York’s Oscar winner premieres her new film in the city after ‘incredible two years’

As we welcome the arrival of York’s beloved Aesthetica Short Film Festival with open arms for its eighth year running, the city’s streets are flooded with seasoned filmmakers and fanatics.

Amongst all the commotion, filmmakers Serena Armitage and Shan Christopher Ogilvie return with their first Aesthetica-featured short film since Stutterer graced its screens in 2015.


That film went on to win an Academy Award in 2016 – bringing an Oscar to York – Serena is based in Nun Monkton. She said:

  • What an incredible couple of years this has been.

    First an Oscar for Stutterer, which was beyond my wildest dreams, then the award from the BFI, which allowed me to set up my own independent production company, and now our new film Charlie.

We had the chance to catch up with producer Serena and director Shan to chat about Charlie, ahead of its premier screening at ASFF 2018 on Thursday (November 8).

The pair managed to keep the plot of their latest short film under wraps, so rest assured, there are no spoilers ahead…

Emotional impulse

Charlie is ‘a detached young man’
“It’s a difficult one to talk about without giving too much away,” said Shan, searching for an adequate synopsis which wouldn’t ruin the plot for audiences.

“It’s about an experience of a character who we might not necessarily have thought about how they think and see the world.

“The film sort of presents that experience and puts us in their head and their state of mind.”

Serena describes Charlie as “a detached young man who acts frequently on emotional impulse”.


Charlie’s world is turned upside down when tragedy strikes, and he is moved to live with his uncle Morris in the city. The peaceful calm of the countryside – all Charlie has ever known – is replaced with the chaos of urban life.

The film tackles the pressing issue of mental health, which, as Serena explains, is a subject close to many people’s hearts.

“We all know people who are struggling with their mental health and, significantly Shan, the writer and director of Charlie, has first-hand experience of depression, which gives our film a powerful authenticity and integrity.”

Short form storytelling

The story for Charlie originated from an idea that Stutterer writer and director Ben Cleary had discussed with Serena in the past.

Having worked together previously, the three decided to do it all again – but bigger.

“There was a funding scheme coming up which I wanted to direct something for, so it was just a good fit because we knew that we all worked together well,” said Shan.

“Ben was excited for me to direct a film of my own, so he was happy to let me develop the idea myself and write the screenplay.”


With a run-time of 13 minutes, we can expect to see the same tremendously moving, impactful short form storytelling that we saw in Stutterer – but with a higher budget, courtesy of Film London’s London Calling scheme.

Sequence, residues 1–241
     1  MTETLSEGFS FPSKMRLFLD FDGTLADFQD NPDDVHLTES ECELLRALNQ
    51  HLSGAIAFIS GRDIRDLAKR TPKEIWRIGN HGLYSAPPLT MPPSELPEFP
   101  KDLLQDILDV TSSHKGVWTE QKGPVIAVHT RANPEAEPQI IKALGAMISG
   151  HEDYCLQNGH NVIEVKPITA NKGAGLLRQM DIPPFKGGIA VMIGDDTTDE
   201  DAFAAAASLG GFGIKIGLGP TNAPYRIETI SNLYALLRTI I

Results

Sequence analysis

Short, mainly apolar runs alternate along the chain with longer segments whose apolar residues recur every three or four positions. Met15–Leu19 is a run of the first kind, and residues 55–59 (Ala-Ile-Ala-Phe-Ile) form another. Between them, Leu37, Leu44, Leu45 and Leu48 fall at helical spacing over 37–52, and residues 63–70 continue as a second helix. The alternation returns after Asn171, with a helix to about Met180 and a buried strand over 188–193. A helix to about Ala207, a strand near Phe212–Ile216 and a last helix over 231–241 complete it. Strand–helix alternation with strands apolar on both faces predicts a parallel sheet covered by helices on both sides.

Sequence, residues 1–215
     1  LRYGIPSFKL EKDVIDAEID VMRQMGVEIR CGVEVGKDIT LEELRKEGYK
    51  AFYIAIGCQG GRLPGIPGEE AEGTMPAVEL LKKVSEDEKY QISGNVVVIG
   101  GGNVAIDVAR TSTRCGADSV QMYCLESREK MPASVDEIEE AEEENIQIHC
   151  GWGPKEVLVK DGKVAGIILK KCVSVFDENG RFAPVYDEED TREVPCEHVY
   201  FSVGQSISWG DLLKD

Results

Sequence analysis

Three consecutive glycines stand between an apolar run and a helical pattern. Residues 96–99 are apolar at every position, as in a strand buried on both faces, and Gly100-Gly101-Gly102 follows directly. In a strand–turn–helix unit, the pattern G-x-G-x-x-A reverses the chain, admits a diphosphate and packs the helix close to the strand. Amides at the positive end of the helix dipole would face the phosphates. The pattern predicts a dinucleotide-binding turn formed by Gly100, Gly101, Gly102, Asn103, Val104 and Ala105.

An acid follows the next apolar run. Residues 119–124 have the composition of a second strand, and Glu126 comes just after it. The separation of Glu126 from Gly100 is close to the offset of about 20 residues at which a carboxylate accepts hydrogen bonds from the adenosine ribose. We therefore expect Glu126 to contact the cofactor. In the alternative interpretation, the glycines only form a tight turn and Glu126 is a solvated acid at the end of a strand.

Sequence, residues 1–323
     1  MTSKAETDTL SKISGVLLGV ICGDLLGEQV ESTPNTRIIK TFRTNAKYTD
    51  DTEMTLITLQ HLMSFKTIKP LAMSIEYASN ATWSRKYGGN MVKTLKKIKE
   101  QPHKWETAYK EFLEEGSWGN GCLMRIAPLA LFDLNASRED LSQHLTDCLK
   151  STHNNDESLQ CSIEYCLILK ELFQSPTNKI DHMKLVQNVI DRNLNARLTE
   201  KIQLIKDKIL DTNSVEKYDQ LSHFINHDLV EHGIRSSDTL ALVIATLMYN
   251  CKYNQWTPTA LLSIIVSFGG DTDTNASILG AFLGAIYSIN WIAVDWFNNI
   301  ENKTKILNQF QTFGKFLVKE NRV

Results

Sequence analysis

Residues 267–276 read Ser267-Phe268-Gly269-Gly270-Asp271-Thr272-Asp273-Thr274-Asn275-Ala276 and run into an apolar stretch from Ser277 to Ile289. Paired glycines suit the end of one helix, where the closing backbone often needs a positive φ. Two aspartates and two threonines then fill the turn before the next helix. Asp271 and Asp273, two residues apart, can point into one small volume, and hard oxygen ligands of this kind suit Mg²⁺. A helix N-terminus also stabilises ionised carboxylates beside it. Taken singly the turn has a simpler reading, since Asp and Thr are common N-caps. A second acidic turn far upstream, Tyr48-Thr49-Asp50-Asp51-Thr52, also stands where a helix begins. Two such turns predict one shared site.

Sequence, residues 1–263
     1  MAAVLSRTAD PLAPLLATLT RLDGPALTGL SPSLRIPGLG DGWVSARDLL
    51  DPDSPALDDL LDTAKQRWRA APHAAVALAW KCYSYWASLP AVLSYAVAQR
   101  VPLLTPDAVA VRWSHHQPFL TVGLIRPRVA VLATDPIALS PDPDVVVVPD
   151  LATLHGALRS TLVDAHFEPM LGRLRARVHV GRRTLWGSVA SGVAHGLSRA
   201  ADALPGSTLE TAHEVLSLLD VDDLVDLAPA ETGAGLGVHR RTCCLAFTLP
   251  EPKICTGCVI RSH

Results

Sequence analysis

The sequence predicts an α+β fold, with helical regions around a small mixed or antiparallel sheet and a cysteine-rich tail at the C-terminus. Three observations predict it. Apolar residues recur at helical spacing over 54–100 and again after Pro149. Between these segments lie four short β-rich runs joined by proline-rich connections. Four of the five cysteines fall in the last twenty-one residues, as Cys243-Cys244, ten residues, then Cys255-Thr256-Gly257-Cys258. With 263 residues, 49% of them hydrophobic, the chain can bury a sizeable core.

The team have taken a step up and confronted the new challenges that come with a bigger production.

“There were more people, bigger camera teams and a much bigger art department. We had a bit more budget than we did for Stutterer, but it doesn’t necessarily make it any easier to manage,” said Serena.

Shan added that the casting process for Charlie was especially difficult. “Casting the main character particularly, and one of the supporting characters because she plays a significant role in the film.

“It’s not necessarily that big in terms of screen time, but it still had to be someone who could do it right.”

Advice for filmmakers

Serena Armitage wins the Oscar for Stutterer as Benjamin Cleary looks on. Photograph: YouTube
Like any successful filmmaker, Shan and Serena had to work their way up from the bottom to get where they are today.

Their reassuringly humble advice for budding filmmakers only emphasises the common belief that passion and hard work are the two most vital elements for success.

Shan stressed the importance of creating for enjoyment rather than aiming for a specific end result, saying that the best approach is to make films “without focusing too much on what the purpose of it is, where it’s going to go or whether it’s going to be a success.

“With Stutterer, we didn’t have any specific aims for it – we just knew we wanted it to go to a festival.

“Because of that, we never overthought it. We just made the film that we wanted to make and we weren’t worrying about other considerations, so I think that’s a better way to go about it when you’re just starting out.”

Film everything

Serena Armitage. Photograph: Geordie Barrie
Serena added that getting practise in anywhere and everywhere possible is hugely important. “We used to do our friends’ wedding films.

“One day I remember hearing there was a Greenpeace protest about Shell. I remember Shan helping me go down to film it, just to actually practise filming and editing something together that felt like a story,” she said.

“Often it feels like you don’t have access to the resources you need, but I think you can do it – you just need to be smart about it and learn however you can.

“Especially now with how good phone quality is, you can actually film something quite decent on a mobile.”

Red Breast’s first feature project Look The Other Way – And Run is currently in post-production.

The company has several projects in funded development including a biopic of the artist Niki De Saint Phalle (being written by Deborah Haywood) and an adaptation of Laura Kaye’s novel English Animals, directed by Claire Oakley.